"As long as you don't care about using all the software these guys use, and are willing to deal with no real customer service, I'm a great alternative! I admit that unlike with these guys I don't easily work with the hardware you already have...

"Ummm...I'm really best in a server...en..vironment..." (trails off)

Walks off with head down.

Power

Submission + - Wireless power on the desktop scale

RockDoctor writes: Nature are reporting early versions of a desktop-ready device for wirelessly powering equipment. A plastic sheet a millimeter thick on the desktop contains induction coils, microelectromechanical switches and control circuitry, applied to a conductive polymer base by various forms of printing. When the sheet detects a compatible receiver within range (~2.5cm), the nearest coil is switched on and provides the receiver with up to 40W of power inductively. The devices are not yet ready for mainstream — another 5 years of development is estimated — and there is the issue of persuading manufacturers to incorporate the receiving equipment into their new designs. But a projected price of ~$100 for a square metre of transmitter is credible (SG $ ? or CA or US? not specified in the article; the developers are in Japan). Now, if you could get power receivers that would supply (for example) a conventional mobile-phone charging-cradle, that would be a useful step towards widespread acceptance.

Could this lead to the start of a new VHS-vs-BetaMax or HDDVD-vs-BluRay style compatibility war? If one manufacturer is trying such an obvious idea, likely others are.
Music

Submission + - We7: Why it will "fall flat on its face"

madonna writes: CNET extensively reasons why the new We7.com download service — which offers ad-embedded free music downloads without DRM — is doomed to failure and only good for poor countries.

"This service absolutely, categorically will not succeed. You can quote us on that. It's true the best way to combat piracy is to provide a realistic and affordable alternative, and free is certainly affordable. But music downloaders are not going to switch to using a service that costs the same as using BitTorrent or Limewire, but comes with abominable disclaimers or advertisements..."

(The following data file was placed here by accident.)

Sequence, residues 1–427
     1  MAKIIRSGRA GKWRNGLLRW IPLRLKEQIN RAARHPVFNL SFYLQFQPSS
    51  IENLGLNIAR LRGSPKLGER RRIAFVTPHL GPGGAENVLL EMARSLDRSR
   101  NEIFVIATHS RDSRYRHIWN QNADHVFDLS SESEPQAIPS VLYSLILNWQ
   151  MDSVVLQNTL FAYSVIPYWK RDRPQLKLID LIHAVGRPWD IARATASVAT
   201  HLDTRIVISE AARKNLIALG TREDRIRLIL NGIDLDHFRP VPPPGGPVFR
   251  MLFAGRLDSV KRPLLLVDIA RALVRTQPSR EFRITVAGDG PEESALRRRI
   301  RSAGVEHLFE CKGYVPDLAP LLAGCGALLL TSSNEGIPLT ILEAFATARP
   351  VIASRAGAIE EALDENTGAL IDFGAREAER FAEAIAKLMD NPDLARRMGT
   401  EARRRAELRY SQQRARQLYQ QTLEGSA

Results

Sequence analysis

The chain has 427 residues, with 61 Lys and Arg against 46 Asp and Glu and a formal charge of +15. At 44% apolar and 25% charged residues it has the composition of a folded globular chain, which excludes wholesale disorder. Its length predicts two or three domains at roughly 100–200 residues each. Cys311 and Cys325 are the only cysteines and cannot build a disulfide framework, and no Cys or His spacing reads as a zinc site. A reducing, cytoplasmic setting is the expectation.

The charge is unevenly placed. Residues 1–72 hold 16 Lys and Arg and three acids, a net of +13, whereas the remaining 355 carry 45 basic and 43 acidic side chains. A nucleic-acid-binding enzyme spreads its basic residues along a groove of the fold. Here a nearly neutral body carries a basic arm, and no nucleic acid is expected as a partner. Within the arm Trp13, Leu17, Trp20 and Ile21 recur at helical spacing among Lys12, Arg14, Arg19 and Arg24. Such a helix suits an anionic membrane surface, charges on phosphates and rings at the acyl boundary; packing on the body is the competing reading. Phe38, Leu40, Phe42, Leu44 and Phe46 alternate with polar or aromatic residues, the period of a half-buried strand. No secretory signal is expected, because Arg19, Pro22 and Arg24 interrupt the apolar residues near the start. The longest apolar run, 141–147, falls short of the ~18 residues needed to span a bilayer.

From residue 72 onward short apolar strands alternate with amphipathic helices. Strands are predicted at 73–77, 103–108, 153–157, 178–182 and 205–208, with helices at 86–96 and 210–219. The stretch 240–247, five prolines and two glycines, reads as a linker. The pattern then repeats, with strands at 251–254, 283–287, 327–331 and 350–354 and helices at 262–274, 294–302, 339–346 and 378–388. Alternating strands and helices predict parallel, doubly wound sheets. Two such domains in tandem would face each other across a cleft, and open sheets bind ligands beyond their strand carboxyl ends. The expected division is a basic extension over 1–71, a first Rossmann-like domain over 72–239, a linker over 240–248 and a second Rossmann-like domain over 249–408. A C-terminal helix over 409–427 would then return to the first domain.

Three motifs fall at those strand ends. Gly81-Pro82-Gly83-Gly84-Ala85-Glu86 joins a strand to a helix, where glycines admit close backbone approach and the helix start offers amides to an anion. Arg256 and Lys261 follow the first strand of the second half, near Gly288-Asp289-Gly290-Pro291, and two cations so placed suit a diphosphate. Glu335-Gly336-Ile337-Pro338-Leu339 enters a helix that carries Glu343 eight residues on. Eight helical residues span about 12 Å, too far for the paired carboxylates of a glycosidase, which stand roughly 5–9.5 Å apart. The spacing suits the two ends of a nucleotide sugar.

Slashdot.org

Submission + - Contest winner: Vista more secure than Mac OS X

thisispurefud writes: Contest winner: Vista more secure than Mac OS X From your research on both platforms, is there a winner between Mac OS X 10.4 and Vista on security? I have found the code quality, at least in terms of security, to be much better overall in Vista than Mac OS X 10.4. It is obvious from observing affected components in security patches that Microsoft's Security Development Lifecycle (SDL) has resulted in fewer vulnerabilities in newly-written code. I hope that more software vendors follow their lead in developing proactive software security development methodologies. http://www.macworld.com/news/2007/04/30/daizovi/in dex.php
HP

Submission + - HP changes business model

An anonymous reader writes: HP has launched a new line of business printers but there's a big catch — you won't be able to buy one. For the first time in history, the company will make customers purchase printing services, rather than the product itself. At its biggest printer launch since the LaserJet in 1984, HP's new business-class Edgeline printers will only be available through a managed services contract. Pricing will be per page, depending on the quality of the printout. Edgeline technology is said to be so ink-efficient that if HP were to sell these printers, they would never match the money they make from consumables (cartridges etc) now.